We are interested in understanding the neuronal basis of cognitive functions. We use visual, oculomotor and manual systems as behavior model to assess how cognitive functions affect the visual perception, ocular movement, hand movement and, more importantly, sensorimotor transduction/integration. Currently, we are particularly interested in understanding the neuronal mechanism of two cognitive functions: visual stability and attention modulation. We will combine several research techniques together, such as the classical psychophysical experiments, brain imaging techniques and electrophysiological techniques, working with human subjects and non-human primates to try to discover the relationship between mind and brain.
The neuronal mechanism of visual stability
In average, we make 3-5 times saccadic eye movement per second. As a result, the image of the stilled objects inside the visual field sweeps on the retina accompanying with each eye movement. However, regardless of the frequently moving of our eye, perceptually normal people doní»t see the stilled objects changing their spatial locations. Such phenomenon, i.e. the capability to perceive a stabilized visual world, has been noticed for more than a century. Nevertheless, the neuronal mechanism underlying it remains greatly unknown. One of our research interests is focused on discovering the neuronal basis of visual stability.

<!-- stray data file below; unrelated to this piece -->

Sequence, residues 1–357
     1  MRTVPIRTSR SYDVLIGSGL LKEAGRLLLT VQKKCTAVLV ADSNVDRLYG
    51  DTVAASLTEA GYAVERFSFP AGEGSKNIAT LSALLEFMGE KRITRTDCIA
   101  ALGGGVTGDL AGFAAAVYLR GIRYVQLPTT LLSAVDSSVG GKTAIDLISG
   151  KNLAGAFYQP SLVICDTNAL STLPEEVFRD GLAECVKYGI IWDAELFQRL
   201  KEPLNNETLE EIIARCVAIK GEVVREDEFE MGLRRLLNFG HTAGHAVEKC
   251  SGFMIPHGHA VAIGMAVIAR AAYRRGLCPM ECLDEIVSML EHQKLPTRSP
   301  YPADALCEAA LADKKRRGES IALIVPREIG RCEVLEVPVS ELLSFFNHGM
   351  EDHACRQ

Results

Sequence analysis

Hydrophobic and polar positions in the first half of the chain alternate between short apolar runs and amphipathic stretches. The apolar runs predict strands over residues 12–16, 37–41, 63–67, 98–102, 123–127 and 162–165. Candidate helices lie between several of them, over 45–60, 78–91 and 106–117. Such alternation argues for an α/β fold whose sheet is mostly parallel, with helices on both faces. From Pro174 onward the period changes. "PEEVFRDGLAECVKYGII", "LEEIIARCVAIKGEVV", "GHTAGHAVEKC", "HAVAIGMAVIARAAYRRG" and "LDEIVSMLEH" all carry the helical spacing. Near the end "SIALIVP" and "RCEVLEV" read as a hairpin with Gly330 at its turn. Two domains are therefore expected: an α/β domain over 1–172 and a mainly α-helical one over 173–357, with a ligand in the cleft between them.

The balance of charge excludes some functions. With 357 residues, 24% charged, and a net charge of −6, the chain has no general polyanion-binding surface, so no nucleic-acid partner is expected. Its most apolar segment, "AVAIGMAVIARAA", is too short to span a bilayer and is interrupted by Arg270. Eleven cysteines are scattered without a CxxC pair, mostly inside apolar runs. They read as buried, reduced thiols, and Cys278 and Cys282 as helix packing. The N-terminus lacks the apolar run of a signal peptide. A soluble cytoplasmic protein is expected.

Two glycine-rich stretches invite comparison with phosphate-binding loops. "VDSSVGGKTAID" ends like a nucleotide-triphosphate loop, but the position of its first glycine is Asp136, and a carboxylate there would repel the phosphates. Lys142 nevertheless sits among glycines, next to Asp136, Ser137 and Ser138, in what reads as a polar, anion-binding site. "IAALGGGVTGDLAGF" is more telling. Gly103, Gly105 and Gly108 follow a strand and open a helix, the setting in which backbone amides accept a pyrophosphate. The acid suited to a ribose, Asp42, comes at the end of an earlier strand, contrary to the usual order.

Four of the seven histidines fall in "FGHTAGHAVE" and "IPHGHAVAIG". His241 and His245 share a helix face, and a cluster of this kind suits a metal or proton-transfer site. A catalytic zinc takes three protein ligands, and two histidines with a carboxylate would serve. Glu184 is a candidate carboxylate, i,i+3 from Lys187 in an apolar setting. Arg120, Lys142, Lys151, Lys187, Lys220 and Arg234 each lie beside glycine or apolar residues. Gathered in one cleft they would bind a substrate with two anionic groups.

The mechanism of attention modulation in sensorimotor transformation
It has been known for a very long time that attention vigorously influences our behavior performance. However, up to date, there is no a general agreement about how attention modulates the function of neuronal circuitries. Another branch of our research interest is focused on how visual attention affects the process of visuomotor transduction to generate saccadic eye movements.